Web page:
Metro-East News

Local tax agent’s suit alleges he was forced out after suffering stroke

A Granite City man has filed a lawsuit against his former employer, claiming a violation of Missouri’s Human Rights Act.

Ken Kibort filed a lawsuit Friday in St. Louis County Circuit Court against the Missouri Department of Revenue. Kibort, 60, claims he was forced to resign as a special agent with the Criminal Tax Investigation Bureau after he suffered a stroke at work in June 2015, shortly after starting his employment. Kibort is seeking lost wages and benefits, damages for emotional distress, punitive damages, attorney’s fees and other litigation costs. He is seeking a jury trial. Kibort is being represented by St. Louis law firm Sedey Harper Westhoff.

According to the lawsuit, Kibort began working for the Department of Revenue at the end of March 2015. He previously had spent more than 30 years with the Internal Revenue Service, working on cases that involved tax fraud and money laundering. The lawsuit said he worked with a fraud group and served as an expert witness in criminal tax proceedings on behalf of the government.

Kibort said he had not received any write-ups or other disciplinary action while he was with the Department of Revenue. Kibort suffered a major stroke while at work in early June 2015. The stroke impaired his ability to walk and use his right hand. Through physical therapy he was able to walk again, but still has “right neglect” in his right eye, which impairs his peripheral vision, and has limited use of his right hand. He has been able to drive since July 2015.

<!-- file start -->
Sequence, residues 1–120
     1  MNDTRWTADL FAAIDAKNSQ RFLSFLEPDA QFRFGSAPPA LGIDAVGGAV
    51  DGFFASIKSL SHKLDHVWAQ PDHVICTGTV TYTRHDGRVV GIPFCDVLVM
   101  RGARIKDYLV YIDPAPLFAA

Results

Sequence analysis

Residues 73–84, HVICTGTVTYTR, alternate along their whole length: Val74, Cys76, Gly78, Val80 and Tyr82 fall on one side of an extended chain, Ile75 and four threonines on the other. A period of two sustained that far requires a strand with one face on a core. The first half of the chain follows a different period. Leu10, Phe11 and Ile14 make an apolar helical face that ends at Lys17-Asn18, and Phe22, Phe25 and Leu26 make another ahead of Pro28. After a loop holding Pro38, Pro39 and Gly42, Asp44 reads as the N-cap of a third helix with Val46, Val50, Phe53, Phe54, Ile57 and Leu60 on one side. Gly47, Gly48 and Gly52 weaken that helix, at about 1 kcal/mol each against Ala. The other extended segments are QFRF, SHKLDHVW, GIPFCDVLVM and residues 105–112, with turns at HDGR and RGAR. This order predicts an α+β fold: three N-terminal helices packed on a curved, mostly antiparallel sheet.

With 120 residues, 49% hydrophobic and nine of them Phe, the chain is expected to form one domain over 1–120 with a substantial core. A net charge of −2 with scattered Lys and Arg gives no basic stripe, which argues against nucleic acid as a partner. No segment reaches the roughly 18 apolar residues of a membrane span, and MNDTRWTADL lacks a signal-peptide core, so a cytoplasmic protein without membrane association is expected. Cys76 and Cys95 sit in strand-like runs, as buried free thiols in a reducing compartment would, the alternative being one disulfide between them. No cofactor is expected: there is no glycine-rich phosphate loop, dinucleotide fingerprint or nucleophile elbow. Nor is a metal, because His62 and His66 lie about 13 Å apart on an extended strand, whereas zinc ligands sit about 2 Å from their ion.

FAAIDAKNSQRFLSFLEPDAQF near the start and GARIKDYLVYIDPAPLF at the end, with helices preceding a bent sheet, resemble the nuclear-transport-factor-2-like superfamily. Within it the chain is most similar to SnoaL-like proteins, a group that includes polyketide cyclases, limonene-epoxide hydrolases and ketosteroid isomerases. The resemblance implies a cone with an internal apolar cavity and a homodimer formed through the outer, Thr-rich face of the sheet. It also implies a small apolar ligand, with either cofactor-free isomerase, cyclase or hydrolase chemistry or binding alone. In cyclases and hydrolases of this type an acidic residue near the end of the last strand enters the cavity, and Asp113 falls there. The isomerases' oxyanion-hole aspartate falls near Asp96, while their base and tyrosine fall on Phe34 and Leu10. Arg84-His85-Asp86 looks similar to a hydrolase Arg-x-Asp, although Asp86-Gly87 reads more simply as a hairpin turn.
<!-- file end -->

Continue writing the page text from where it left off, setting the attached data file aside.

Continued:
In October 2015, Kibort informed his supervisors he was ready to return to work in November. Kibort said one of his supervisors asked him if he wanted to return to work or resign and said he would have to speak with the human resources department. The supervisor called Kibort back and said he would not be allowed to return to work and that he had to resign or be fired. The supervisor told Kibort that if he resigned, he would be eligible for rehire.

Kibort resigned from his position. He was told that he was not being allowed to return to his position because he had not completed his probationary period, which was one year from his hiring date. He started to work for the Department of Revenue after retiring from the IRS. He said his salary was $41,000 a year.

“It was keeping me busy and I love doing that type of work,” Kibort said. He is currently doing some consulting work, but does not have a full-time job.

The lawsuit alleges Kibort applied for jobs with the Department of Revenue on at least four occasions and was not hired. Among the jobs he applied for was his former position. The lawsuit alleges that a younger person with less experience, who does not have any disabilities, was hired instead of him.

On March 14, 2016, Kibort filed a discrimination charge with the Missouri Commission on Human Rights in connection with his job with the Department of Revenue. Last month, the Commission on Human Rights issued Kibort a notice of right to sue.

Don O'Brien: 618-239-2626, @DOBrienBND